Roggendorf W, Strupp S, Paulus W. Distribution and characterization of microglia/macrophages in human brain tumors. Acta Neuropathol. 1996;92(3):288–93.CrossRefPubMedGoogle Scholar
Badie B, Schartner JM. Flow cytometric characterization of tumor-associated macrophages in experimental gliomas. Neurosurgery. 2000;46(4):957–61.PubMedGoogle Scholar
Brandenburg S, Muller A, Turkowski K, Radev YT, Rot S, Schmidt C, et al. Resident microglia rather than peripheral macrophages promote vascularization in brain tumors and are source of alternative pro-angiogenic factors. Acta Neuropathol. 2016;131(3):365–78. doi:10.1007/s00401-015-1529-6.CrossRefPubMedGoogle Scholar
Ellert-Miklaszewska A, Dabrowski M, Lipko M, Sliwa M, Maleszewska M, Kaminska B. Molecular definition of the pro-tumorigenic phenotype of glioma-activated microglia. Glia. 2013;61(7):1178–90. doi:10.1002/glia.22510.CrossRefPubMedGoogle Scholar
Komohara Y, Horlad H, Ohnishi K, Fujiwara Y, Bai B, Nakagawa T, et al. Importance of direct macrophage-tumor cell interaction on progression of human glioma. Cancer Sci. 2012;103(12):2165–72. doi:10.1111/cas.12015.CrossRefPubMedGoogle Scholar
Umemura N, Saio M, Suwa T, Kitoh Y, Bai J, Nonaka K, et al. Tumor-infiltrating myeloid-derived suppressor cells are pleiotropic-inflamed monocytes/macrophages that bear M1- and M2-type characteristics. J Leukoc Biol. 2008;83(5):1136–44. doi:10.1189/jlb.0907611.CrossRefPubMedGoogle Scholar
Yang L, DeBusk LM, Fukuda K, Fingleton B, Green-Jarvis B, Shyr Y, et al. Expansion of myeloid immune suppressor Gr+CD11b+ cells in tumor-bearing host directly promotes tumor angiogenesis. Cancer Cell. 2004;6(4):409–21. doi:10.1016/j.ccr.2004.08.031.CrossRefPubMedGoogle Scholar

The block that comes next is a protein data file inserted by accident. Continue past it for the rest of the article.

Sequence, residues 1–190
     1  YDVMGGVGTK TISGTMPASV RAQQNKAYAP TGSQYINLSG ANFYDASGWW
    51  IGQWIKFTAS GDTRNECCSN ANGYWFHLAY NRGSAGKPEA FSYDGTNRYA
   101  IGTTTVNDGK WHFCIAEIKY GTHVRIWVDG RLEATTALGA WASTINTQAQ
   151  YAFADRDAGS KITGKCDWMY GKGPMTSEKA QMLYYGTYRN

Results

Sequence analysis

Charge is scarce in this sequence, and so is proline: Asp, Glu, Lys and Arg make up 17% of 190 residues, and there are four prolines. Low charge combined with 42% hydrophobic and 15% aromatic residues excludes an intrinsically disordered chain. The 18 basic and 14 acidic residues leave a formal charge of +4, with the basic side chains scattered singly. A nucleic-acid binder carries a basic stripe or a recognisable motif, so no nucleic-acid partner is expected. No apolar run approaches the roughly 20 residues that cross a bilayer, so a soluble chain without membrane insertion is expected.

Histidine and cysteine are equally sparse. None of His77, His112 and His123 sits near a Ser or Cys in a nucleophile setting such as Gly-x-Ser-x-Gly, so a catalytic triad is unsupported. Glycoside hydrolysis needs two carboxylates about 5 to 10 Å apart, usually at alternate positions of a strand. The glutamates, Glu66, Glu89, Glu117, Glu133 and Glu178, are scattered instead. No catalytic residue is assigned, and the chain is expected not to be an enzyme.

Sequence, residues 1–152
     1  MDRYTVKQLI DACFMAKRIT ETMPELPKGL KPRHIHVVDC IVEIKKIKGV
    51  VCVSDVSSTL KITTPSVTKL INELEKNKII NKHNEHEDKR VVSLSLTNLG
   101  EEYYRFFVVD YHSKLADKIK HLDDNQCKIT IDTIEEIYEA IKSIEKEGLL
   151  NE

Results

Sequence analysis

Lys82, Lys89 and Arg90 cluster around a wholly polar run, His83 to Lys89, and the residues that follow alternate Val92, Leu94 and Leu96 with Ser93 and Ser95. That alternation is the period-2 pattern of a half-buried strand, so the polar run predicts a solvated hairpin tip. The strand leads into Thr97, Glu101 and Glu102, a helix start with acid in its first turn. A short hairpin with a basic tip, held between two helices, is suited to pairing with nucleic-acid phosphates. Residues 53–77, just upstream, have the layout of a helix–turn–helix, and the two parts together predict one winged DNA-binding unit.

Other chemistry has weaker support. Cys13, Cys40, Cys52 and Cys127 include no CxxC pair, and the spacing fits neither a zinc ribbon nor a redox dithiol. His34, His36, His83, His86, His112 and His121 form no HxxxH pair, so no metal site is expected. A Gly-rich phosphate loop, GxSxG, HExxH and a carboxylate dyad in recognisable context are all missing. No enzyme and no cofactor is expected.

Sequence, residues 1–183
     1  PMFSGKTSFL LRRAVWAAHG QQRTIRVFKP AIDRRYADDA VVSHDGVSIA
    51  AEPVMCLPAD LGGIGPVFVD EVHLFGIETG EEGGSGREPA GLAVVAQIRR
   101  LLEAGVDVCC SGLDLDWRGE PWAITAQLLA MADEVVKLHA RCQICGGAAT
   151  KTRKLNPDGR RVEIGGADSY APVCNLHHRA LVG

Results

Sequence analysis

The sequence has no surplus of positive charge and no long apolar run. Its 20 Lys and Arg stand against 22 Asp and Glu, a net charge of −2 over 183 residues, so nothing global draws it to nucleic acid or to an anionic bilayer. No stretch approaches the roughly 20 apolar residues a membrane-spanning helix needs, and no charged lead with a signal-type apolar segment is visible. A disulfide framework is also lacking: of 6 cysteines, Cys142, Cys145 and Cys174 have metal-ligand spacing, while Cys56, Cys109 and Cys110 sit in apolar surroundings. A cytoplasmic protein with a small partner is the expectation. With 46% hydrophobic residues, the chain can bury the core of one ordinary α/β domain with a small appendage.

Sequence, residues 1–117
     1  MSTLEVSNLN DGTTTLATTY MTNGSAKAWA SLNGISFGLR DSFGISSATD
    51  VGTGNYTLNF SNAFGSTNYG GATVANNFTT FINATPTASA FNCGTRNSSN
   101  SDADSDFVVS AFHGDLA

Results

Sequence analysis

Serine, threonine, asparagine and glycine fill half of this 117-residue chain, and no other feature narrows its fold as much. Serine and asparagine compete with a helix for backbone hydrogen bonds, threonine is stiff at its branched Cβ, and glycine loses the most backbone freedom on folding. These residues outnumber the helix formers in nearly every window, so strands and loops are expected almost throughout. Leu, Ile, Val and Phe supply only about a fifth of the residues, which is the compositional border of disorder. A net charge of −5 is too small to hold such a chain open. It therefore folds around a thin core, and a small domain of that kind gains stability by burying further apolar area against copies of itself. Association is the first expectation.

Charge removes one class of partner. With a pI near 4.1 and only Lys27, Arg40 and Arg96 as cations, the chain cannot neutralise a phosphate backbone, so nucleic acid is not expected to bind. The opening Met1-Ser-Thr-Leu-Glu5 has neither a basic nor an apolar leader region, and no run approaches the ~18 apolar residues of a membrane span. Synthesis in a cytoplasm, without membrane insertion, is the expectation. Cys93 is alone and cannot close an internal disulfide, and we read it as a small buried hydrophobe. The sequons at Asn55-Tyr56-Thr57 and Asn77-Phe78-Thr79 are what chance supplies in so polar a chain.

Sliwa M, Markovic D, Gabrusiewicz K, Synowitz M, Glass R, Zawadzka M, et al. The invasion promoting effect of microglia on glioblastoma cells is inhibited by cyclosporin A. Brain. 2007;130(Pt 2):476–89. doi:10.1093/brain/awl263.CrossRefPubMedGoogle Scholar
Imai Y, Ibata I, Ito D, Ohsawa K, Kohsaka S. A novel gene iba1 in the major histocompatibility complex class III region encoding an EF hand protein expressed in a monocytic lineage. Biochem Biophys Res Commun. 1996;224(3):855–62. doi:10.1006/bbrc.1996.1112.CrossRefPubMedGoogle Scholar
Mantovani A, Sozzani S, Locati M, Allavena P, Sica A. Macrophage polarization: tumor-associated macrophages as a paradigm for polarized M2 mononuclear phagocytes. Trends Immunol. 2002;23(11):549–55.CrossRefPubMedGoogle Scholar
Chae M, Peterson TE, Balgeman A, Chen S, Zhang L, Renner DN, et al. Increasing glioma-associated monocytes leads to increased intratumoral and systemic myeloid-derived suppressor cells in a murine model. Neuro-Oncology. 2015;17(7):978–91. doi:10.1093/neuonc/nou343.CrossRefPubMedGoogle Scholar
Thaci B, Ahmed AU, Ulasov IV, Wainwright DA, Nigam P, Auffinger B, et al. Depletion of myeloid-derived suppressor cells during interleukin-12 immunogene therapy does not confer a survival advantage in experimental malignant glioma. Cancer Gene Ther. 2014;21(1):38–44. doi:10.1038/cgt.2013.81.CrossRefPubMedPubMedCentralGoogle Scholar